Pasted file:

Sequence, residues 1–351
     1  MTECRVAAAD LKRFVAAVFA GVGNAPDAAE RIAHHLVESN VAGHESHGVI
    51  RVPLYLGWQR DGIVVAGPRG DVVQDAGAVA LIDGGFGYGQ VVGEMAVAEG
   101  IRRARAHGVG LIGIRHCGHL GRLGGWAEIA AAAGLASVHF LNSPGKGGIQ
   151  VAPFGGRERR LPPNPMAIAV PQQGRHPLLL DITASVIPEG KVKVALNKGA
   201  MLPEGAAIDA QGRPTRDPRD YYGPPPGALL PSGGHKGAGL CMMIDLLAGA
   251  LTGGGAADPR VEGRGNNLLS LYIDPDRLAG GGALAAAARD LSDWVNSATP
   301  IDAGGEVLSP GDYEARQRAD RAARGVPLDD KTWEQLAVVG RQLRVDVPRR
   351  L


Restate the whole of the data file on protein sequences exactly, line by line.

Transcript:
Sequence, residues 1–351
     1  MTECRVAAAD LKRFVAAVFA GVGNAPDAAE RIAHHLVESN VAGHESHGVI
    51  RVPLYLGWQR DGIVVAGPRG DVVQDAGAVA LIDGGFGYGQ VVGEMAVAEG
   101  IRRARAHGVG LIGIRHCGHL GRLGGWAEIA AAAGLASVHF LNSPGKGGIQ
   151  VAPFGGRERR LPPNPMAIAV PQQGRHPLLL DITASVIPEG KVKVALNKGA
   201  MLPEGAAIDA QGRPTRDPRD YYGPPPGALL PSGGHKGAGL CMMIDLLAGA
   251  LTGGGAADPR VEGRGNNLLS LYIDPDRLAG GGALAAAARD LSDWVNSATP
   301  IDAGGEVLSP GDYEARQRAD RAARGVPLDD KTWEQLAVVG RQLRVDVPRR
   351  L